#NPRpoetry, Part Deux: Listeners Bare Their Souls In Stanzas April is National Poetry Month. And the audience is sending All Things Considered original poems in 140 characters or less on Twitter. Here's an update from the curators who have been reading along.
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#NPRpoetry, Part Deux: Listeners Bare Their Souls In Stanzas

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#NPRpoetry, Part Deux: Listeners Bare Their Souls In Stanzas

#NPRpoetry, Part Deux: Listeners Bare Their Souls In Stanzas

#NPRpoetry, Part Deux: Listeners Bare Their Souls In Stanzas

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April is National Poetry Month. And the audience is sending All Things Considered original poems in 140 characters or less on Twitter. Here's an update from the curators who have been reading along.

MARY LOUISE KELLY, HOST:

Time now for more of your poems. And guess who's back with me - Colin Dwyer, NPR digital producer and the curator of our Twitter poetry call out for this month of April.

Hello, Colin.

COLIN DWYER, BYLINE: Hello.

KELLY: So when we talked with you yesterday, you were telling us about a lot of the haikus coming in. And before we move on, I want to play one more haiku. This one came in from @lookatthathair. We actually sent this one to Sylvia Poggioli to read to us from Rome...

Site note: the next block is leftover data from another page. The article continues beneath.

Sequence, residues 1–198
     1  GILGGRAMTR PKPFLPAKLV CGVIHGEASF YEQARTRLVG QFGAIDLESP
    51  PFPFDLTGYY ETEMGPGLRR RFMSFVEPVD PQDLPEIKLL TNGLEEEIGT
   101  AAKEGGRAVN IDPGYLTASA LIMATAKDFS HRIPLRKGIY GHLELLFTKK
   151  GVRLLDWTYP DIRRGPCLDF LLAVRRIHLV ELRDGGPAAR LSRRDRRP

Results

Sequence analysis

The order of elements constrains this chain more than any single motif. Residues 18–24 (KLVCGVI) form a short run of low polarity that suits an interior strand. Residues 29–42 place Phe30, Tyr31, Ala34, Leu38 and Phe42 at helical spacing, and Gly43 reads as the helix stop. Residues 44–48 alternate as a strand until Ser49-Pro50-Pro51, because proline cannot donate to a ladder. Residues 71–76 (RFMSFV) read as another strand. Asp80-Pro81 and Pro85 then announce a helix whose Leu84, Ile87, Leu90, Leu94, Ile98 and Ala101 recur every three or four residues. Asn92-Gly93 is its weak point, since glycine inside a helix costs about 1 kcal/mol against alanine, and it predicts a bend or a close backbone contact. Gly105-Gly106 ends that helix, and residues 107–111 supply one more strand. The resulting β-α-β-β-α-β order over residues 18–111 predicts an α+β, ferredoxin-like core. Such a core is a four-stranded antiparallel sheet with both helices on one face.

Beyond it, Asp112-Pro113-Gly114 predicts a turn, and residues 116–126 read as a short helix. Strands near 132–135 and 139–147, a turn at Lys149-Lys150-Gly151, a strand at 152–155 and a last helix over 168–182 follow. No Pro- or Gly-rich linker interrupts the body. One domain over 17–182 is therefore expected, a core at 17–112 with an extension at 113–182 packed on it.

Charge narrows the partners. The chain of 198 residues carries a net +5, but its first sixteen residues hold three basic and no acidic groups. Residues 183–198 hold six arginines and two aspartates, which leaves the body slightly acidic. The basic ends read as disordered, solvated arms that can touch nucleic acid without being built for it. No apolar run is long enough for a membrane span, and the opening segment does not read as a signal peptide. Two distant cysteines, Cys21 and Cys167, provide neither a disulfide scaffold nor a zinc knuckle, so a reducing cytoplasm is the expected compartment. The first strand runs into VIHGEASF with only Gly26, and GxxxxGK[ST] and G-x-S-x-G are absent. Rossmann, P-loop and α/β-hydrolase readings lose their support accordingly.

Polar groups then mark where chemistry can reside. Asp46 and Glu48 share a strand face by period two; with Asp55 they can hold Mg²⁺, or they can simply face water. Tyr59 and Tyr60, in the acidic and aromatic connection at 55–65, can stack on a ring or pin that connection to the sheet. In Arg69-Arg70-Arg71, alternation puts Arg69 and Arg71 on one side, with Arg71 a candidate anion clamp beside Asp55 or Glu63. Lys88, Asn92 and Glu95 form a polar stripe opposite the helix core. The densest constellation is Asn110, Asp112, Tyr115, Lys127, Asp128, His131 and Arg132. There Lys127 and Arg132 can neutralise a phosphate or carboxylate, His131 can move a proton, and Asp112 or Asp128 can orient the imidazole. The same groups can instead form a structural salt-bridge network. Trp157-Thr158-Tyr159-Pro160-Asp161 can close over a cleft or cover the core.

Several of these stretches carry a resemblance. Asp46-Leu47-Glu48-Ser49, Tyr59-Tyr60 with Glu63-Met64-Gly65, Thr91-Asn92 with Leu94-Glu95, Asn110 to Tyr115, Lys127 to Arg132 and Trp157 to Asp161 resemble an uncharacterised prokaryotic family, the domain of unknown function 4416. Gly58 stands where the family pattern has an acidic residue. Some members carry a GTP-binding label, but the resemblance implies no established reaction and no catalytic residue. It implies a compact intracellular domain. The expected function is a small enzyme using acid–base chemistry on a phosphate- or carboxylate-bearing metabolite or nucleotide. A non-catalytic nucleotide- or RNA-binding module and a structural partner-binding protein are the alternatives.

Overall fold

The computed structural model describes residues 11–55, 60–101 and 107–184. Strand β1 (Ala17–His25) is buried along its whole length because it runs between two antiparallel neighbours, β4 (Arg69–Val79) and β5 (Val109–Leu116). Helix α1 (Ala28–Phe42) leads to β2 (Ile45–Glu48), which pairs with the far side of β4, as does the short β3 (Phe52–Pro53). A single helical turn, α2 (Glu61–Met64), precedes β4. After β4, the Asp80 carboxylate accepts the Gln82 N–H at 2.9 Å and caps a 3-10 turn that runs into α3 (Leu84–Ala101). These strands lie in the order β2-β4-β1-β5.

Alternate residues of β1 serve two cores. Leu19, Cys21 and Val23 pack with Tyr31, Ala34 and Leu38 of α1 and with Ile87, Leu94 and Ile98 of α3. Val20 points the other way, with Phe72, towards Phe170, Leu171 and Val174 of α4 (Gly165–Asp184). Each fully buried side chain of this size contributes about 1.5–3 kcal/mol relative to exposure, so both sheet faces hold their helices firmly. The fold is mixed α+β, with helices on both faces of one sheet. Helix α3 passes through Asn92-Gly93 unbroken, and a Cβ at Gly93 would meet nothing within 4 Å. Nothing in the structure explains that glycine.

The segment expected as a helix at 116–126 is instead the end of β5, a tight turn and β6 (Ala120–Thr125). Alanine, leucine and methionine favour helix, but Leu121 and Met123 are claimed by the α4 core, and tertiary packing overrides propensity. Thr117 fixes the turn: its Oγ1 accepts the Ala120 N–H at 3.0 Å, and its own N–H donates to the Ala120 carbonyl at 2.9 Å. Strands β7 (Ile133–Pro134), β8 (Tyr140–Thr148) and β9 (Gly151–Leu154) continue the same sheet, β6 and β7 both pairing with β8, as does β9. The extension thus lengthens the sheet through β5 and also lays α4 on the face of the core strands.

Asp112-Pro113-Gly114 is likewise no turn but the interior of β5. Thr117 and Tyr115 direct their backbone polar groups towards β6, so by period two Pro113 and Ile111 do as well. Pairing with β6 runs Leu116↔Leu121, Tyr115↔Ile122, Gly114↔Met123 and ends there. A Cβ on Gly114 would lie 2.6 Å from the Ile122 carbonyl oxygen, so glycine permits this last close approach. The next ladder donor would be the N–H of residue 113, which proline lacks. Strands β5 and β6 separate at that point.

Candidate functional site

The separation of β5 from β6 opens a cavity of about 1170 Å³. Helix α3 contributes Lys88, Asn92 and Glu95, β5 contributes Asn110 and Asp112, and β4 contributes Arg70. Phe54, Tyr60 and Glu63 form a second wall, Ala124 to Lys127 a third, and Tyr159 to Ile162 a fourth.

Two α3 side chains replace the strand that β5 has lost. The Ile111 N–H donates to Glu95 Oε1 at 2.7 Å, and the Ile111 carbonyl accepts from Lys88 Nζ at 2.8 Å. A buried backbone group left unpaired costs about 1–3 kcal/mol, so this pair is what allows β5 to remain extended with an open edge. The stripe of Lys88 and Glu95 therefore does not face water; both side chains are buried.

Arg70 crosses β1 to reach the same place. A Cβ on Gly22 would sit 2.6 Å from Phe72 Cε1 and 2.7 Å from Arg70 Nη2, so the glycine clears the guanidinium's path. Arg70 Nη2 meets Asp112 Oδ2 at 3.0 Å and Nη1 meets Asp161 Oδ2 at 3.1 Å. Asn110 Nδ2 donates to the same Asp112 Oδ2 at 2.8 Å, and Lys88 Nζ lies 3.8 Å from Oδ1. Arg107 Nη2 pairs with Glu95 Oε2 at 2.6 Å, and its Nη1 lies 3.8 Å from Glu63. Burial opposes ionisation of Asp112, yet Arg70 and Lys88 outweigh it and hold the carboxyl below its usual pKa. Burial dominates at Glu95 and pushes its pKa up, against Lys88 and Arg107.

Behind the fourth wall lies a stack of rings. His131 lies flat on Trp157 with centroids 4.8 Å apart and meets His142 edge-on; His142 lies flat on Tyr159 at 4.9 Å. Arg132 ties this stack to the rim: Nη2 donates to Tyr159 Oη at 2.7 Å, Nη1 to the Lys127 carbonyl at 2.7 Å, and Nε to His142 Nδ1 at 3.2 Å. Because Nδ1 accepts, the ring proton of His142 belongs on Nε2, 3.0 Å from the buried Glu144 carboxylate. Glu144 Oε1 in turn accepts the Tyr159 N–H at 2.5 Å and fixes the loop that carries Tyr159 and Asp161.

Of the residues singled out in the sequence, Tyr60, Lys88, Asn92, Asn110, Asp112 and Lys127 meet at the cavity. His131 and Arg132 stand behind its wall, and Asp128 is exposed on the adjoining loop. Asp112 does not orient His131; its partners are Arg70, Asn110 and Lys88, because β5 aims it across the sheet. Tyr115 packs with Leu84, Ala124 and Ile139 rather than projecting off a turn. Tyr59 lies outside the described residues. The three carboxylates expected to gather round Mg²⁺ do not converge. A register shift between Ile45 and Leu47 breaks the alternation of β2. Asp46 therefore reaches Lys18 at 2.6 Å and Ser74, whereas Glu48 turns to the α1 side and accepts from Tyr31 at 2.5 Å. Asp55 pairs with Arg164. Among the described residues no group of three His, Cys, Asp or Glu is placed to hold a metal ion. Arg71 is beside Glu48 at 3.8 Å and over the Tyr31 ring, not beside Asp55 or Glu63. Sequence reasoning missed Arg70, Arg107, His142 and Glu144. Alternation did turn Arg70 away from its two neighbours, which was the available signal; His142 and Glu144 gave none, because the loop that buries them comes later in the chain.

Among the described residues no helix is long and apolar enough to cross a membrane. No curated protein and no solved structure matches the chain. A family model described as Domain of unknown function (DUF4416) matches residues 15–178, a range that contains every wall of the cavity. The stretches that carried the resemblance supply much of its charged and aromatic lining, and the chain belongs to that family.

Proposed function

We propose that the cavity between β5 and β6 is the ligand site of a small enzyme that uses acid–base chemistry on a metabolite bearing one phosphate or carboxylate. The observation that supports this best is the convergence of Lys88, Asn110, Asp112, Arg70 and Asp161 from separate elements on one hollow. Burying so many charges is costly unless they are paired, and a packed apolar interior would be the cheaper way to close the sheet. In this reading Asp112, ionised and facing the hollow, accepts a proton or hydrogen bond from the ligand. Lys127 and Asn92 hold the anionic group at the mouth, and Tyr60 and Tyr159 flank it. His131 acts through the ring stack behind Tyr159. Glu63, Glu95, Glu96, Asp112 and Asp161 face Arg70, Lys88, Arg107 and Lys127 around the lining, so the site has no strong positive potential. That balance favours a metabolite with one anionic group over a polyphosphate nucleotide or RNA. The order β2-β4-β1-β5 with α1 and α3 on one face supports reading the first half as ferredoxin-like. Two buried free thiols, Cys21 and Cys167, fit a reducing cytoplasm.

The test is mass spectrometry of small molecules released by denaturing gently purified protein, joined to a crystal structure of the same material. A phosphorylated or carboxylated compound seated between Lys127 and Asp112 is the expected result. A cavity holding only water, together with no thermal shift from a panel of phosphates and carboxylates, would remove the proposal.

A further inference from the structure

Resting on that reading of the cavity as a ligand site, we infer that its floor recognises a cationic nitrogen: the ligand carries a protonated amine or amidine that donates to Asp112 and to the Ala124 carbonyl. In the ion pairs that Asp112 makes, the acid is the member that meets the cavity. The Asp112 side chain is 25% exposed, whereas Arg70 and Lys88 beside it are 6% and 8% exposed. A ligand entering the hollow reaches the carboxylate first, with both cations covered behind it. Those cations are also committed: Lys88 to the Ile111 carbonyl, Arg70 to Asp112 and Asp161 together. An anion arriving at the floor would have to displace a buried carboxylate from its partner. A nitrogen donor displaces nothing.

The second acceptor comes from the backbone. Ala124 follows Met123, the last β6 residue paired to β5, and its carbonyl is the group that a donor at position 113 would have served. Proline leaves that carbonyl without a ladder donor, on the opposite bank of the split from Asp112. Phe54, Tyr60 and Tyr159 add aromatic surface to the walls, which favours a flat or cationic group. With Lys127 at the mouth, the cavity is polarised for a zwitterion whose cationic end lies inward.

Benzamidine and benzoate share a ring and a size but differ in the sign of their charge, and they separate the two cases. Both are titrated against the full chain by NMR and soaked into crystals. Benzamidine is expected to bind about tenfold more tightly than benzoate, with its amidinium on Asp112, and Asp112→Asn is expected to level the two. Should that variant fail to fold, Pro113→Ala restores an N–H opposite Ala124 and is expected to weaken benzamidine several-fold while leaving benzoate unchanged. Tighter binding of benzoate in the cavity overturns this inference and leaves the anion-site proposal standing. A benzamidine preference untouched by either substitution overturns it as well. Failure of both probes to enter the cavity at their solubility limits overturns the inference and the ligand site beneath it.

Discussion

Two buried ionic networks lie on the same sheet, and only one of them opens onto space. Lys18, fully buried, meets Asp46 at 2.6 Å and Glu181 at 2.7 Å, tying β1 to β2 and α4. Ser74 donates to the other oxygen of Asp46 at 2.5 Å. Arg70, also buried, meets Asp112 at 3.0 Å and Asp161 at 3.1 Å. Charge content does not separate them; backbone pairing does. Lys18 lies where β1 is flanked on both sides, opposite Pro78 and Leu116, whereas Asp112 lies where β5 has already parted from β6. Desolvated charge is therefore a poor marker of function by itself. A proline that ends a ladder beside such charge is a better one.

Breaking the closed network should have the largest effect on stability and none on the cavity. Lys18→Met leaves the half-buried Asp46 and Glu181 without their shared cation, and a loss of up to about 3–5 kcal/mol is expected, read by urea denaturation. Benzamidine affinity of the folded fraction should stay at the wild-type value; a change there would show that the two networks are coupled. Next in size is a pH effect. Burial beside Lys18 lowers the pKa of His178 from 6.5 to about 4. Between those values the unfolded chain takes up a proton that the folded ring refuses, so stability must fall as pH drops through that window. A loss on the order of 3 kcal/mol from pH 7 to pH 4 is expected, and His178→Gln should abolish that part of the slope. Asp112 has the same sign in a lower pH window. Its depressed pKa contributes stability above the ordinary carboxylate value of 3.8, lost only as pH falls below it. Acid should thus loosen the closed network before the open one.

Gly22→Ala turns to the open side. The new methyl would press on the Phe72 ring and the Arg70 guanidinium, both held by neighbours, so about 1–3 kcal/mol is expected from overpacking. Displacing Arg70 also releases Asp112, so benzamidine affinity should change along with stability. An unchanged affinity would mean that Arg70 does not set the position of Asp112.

DWYER: Fantastic.

KELLY: ...And you're about to hear why.

SYLVIA POGGIOLI, BYLINE: (Reading) Love Italy tales from Sylvia Poggioli. An autograph, please?

KELLY: (Laughter) Hard to top Sylvia, who sounds good even reading the phone book, but especially good reading that poem. Now you also mentioned yesterday this - you know, you're getting a lot of haikus because people are tweeting, so they don't have very many characters to deal with here. You're noticing another form of Japanese poetry coming in, too, though.

DWYER: Right. Funny enough, haiku isn't the only form of traditional Japanese poetry that our readers are absolutely loving. There's another one called tonka that we've gotten a couple of. And here's one from Carol Johnston. (Reading) I hold up traffic mesmerized by swirling confetti petals, my car in a vortex of blossom wind.

KELLY: So a tonka there in honor of the cherry blossoms around us right now. Tell us what else has come in.

DWYER: Well, there have just been a number of them that have just sent me reeling, frankly, including this devastating one. (Reading) Honey and apricot and hands like old maps. She died. Oh, thank God, I would think in two months, that summer before the towers fell down.

KELLY: Lovely. Thank you for reading that to us. That's NPR Colin Dwyer, our digital producer, Twitter poetry maestro. Thanks for stopping by.

DWYER: Of course, thank you very much.

KELLY: And keep your poems coming. We want to hear all your poems this whole month of April. You can tweet them to us using the hashtag #NPRpoetry.

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'I Think That I Shall Never See, A Poem As Lovely As ... One On ATC'

'I Think That I Shall Never See, A Poem As Lovely As ... One On ATC'